The increasing asthma burden in Indian children – causes and prevention

indian child asthma1Asthma is among the most common chronic diseases in children, leading to disability as well as school absenteeism. Childhood asthma is associated with geographical location, environment, and race, as well as behavior and lifestyle. Its impact on family and childhood is considerable, due to the chronic nature of the disease. India is one of the most densely populated countries and is experiencing rapid urbanization. Pollution is considered a significant problem associated with the rapid modernization of many cities in India. It is not surprising that the prevalence of asthma is increasing rapidly, although the underlying reasons remain largely unknown. Many studies from India have documented the changing prevalence of asthma in various parts of India [1-4]. Unfortunately, these studies’ methodologies were not standardized or validated. In order to make it easier to compare results, the International Study of Asthma and Allergies in Childhood (ISAAC) Committee created a standardized protocol, using a questionnaire for teenage children to complete[5].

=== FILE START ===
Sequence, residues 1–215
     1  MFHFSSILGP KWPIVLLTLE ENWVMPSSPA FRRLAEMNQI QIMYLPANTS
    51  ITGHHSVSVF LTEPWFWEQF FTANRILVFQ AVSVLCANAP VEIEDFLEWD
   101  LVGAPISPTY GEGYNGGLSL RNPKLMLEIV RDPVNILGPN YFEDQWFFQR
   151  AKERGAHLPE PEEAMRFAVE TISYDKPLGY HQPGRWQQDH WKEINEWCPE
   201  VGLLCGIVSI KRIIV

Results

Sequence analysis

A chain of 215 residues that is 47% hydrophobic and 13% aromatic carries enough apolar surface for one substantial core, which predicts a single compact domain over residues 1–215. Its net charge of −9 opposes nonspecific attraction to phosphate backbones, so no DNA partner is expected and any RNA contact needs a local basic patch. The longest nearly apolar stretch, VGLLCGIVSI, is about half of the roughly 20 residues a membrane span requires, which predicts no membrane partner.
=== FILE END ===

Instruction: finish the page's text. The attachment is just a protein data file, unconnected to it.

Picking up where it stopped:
Key Point: Our summary from research studies of childhood bronchial asthma indicates a high prevalence of bronchial asthma in Indian children. There is a significant association found between breastfeeding up to 6 months of age and the reduction of asthma, and therefore exclusive breastfeeding must be encouraged. As pollution is found to be a very important risk factor for the occurrence of asthma, it is recommended to reduce the exposure of children to smoke and other air pollutants. There is certainly a need to carry out a large study in different regions of India with a standardized protocol to build strong evidence on the asthma prevalence and prevention in our children.

Asthma burden in different parts of India

Asthma can cause significant morbidity in children. In India, it has been shown to affect up to 10% of children in some areas, but it varies widely in different regions and populations (see Table 1). It can cause children to be absent from school, and can lead to office and emergency room visits, and hospitalizations.

In the recent study carried out by Verma et al. in a rural block of Haryana, in children under 5 years of age, it was found that about 51% of the 2,250 patients had respiratory problems. The prevalence rate for asthma was found to be 23% (520/2250) [1].
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